Writer: Deborah Johnson Wood
The housing construction downturn did more than bottom-out the economy — it also stripped the residential construction industry of the next generation of skilled, experienced carpenters, electricians, plumbers, and other trades.
As a result, John Bitely, owner of Rockford-based Sable Homes, says he can’t find the workers he needs to begin work on any new home building orders, even though he has buyers waiting. In particular, the 20-home Central Town Square project in Sparta, which Bitely says sold half the homes in less than a year, is well underway — but Bitely can’t start any new homes “because of my labor situation, I can’t start another house for another month or two because I don’t have anybody to put on it to do the work.”
“Right now, many of us (builders) are overwhelmed, the pent up demand for houses is upon us, consumers are buying homes that they want versus a lot of vanilla homes, which were just stripped models during the downturn, and now people want the amenities and nicer things and that takes longer and requires more tradesmen,” Bitely says.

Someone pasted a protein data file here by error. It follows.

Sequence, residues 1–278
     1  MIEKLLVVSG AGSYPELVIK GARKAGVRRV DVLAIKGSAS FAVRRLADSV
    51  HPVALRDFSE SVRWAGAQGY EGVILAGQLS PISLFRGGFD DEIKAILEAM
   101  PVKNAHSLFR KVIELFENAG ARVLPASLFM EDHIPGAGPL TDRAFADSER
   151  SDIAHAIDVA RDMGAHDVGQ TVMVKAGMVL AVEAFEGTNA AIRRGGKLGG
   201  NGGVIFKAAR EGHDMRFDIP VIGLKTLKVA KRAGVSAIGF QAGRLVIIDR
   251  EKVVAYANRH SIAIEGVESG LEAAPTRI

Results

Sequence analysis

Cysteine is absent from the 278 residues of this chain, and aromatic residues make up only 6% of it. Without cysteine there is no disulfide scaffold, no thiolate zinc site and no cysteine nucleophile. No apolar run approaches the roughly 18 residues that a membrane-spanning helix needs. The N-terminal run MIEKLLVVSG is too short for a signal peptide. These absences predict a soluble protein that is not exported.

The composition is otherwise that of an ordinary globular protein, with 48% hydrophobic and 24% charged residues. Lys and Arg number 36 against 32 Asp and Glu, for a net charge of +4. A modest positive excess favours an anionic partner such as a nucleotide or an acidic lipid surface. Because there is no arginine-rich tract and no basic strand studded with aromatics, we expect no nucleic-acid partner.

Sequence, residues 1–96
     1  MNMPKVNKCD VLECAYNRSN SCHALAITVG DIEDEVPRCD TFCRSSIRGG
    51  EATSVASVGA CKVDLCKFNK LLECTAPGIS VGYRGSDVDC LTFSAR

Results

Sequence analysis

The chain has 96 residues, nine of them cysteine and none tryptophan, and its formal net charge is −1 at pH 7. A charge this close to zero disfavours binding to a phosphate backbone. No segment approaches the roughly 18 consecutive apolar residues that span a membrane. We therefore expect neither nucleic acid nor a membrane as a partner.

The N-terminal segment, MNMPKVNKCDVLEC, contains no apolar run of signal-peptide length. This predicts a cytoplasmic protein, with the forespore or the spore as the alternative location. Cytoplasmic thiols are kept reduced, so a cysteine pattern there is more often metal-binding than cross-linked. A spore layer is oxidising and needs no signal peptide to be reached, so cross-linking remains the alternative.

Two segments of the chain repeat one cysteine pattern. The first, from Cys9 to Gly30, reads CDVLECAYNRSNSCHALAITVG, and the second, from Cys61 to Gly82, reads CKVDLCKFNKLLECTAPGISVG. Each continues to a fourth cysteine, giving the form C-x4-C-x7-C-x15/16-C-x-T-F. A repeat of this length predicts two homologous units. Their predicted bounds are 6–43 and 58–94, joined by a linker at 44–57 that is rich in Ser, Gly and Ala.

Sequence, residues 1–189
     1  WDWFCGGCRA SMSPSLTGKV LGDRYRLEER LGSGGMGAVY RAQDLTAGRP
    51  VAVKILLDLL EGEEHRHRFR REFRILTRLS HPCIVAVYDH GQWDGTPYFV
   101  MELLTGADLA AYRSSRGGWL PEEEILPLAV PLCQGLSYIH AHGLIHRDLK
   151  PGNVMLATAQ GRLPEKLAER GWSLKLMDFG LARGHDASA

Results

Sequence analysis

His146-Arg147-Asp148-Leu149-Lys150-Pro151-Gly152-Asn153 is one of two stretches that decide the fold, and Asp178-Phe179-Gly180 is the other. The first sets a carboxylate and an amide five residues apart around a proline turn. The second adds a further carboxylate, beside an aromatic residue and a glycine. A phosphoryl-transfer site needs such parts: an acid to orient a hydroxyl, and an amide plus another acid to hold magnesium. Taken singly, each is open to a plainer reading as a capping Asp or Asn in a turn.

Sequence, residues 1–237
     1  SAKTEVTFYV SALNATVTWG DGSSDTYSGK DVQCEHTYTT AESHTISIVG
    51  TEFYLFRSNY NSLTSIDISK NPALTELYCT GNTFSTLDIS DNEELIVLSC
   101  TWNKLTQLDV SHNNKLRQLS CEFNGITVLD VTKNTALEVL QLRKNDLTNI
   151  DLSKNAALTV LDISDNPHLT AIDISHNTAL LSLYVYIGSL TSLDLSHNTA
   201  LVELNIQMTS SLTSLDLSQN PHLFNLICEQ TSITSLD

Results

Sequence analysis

The reasons for the shortage of skilled construction workers vary. Bitely says it used to be that a 16-year-old could work as a construction helper and by the time they graduated high school they’d be well on their way to learning a trade that pays as well as a college-degreed job.
Another reason is that construction workers age-out — by the time they’re 40, years of heavy lifting have taken their toll. Without these experienced workers, there are no lead workers to teach younger workers the skills of the trades.
Bitely co-chairs the Next Generation Committee at the Home Builders Association of Greater Grand Rapids, which, with other associations, has formed theConstruction Workforce Development Alliance. The focus of the alliance is to encourage young people to take up the building trades as a career choice, help them decide which trade to pursue, and to connect them with companies that can help them get started with on-the-job training.
“The next generation, we’re almost saddling them with the equivalent of a home mortgage (college costs) before they’re out of college, and you don’t have to go that route,” Bitely says. “You can become a plumber’s helper and if you like it, can write the test and get your journeyman’s card. The same’s true for becoming a carpenter. There are options that don’t require four years of college that still provide a good living.”